At this point in our technology, it is almost impossible to get information from the outside world to our brain except through our five senses. Even augmented and virtual reality devices, which may soon have a significant impact on education, must deliver information through our senses to gain access to our brain for processing and interpretation. This is important to remember as we turn to technology as a mechanism to enhance learning.

In the Information Processing Model, we notice that there is a loss of information gained through input from our senses indicated by the first arrow leading downward to Forgotten. This indicates that some information, in fact the vast majority of information that we are presented, never makes it very far at all. We constantly receive an enormous amount of information, thousands of stimuli per second. We cannot process so much information at one time. Consider, for example, the “feel” of your right foot at this very moment. If you choose to concentrate on it, you can actually sense information being sent from your foot to your brain, its location relative to the rest of your body, for example. Obviously, it would be difficult to concentrate on anything else if we spent all of our time dealing with information coming from our right foot, let alone the rest of our body as it senses the environment. Therefore, we routinely filter out almost all information delivered through our senses.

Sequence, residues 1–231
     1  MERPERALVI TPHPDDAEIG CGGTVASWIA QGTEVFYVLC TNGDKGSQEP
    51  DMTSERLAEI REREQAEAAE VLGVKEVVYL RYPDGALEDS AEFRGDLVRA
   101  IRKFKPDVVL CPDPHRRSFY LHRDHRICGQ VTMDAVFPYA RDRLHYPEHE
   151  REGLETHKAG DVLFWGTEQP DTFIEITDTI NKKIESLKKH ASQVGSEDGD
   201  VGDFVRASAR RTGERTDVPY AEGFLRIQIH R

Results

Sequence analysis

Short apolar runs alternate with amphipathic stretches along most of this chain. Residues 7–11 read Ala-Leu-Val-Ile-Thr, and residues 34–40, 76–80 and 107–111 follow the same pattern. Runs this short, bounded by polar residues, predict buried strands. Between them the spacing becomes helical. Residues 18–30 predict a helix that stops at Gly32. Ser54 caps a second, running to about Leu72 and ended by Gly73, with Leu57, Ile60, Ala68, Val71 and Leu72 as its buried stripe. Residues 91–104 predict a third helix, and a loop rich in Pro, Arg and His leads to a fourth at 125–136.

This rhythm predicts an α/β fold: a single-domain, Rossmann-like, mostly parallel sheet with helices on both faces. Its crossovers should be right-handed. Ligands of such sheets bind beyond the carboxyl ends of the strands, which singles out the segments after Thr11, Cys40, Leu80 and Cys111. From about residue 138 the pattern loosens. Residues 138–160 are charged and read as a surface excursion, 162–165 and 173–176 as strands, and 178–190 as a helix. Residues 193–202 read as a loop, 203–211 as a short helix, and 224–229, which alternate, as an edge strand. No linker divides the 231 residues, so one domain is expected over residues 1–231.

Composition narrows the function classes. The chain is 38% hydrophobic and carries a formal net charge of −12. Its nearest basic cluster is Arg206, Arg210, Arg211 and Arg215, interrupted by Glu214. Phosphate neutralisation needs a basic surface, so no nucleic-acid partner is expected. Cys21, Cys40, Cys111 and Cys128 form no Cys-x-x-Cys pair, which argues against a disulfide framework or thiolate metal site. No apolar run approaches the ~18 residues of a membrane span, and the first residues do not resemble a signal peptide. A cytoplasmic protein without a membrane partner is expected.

Background sounds, changing temperature, vibrations, most of what we detect in our visual fields, and so on are routinely relegated to the unconscious and not processed beyond the Input step in the Information Processing Model. We filter such sounds, visual, and other stimui out and they are forgotten. If we were unable to do this, the shear amount of incoming sensory information would incapacitate us.

Limited new information that enters our consciousness is available temporarily in a limited storage domain referred to as Working Memory or Short-Term Memory, where it may either be further processed into Long-Term Memory or be lost and forgotten (second arrow leading to “forgotten”). Incoming information from the senses is not stored long in limited storage – perhaps seconds or minutes. It is either processed further or lost forever. Not only is the storage of information in limited storage brief, it is also of very limited capacity. We can only place a few bits of new information into limited storage before it is filled and new information begins to replace previously stored information. It is this limited capacity of our short-term memory that causes us to so quickly forget a telephone number or street address. It is also the fleeting type of memory that causes the annoyance of forgetting what it was that we were going to look for in the kitchen after getting up from another room and walking there.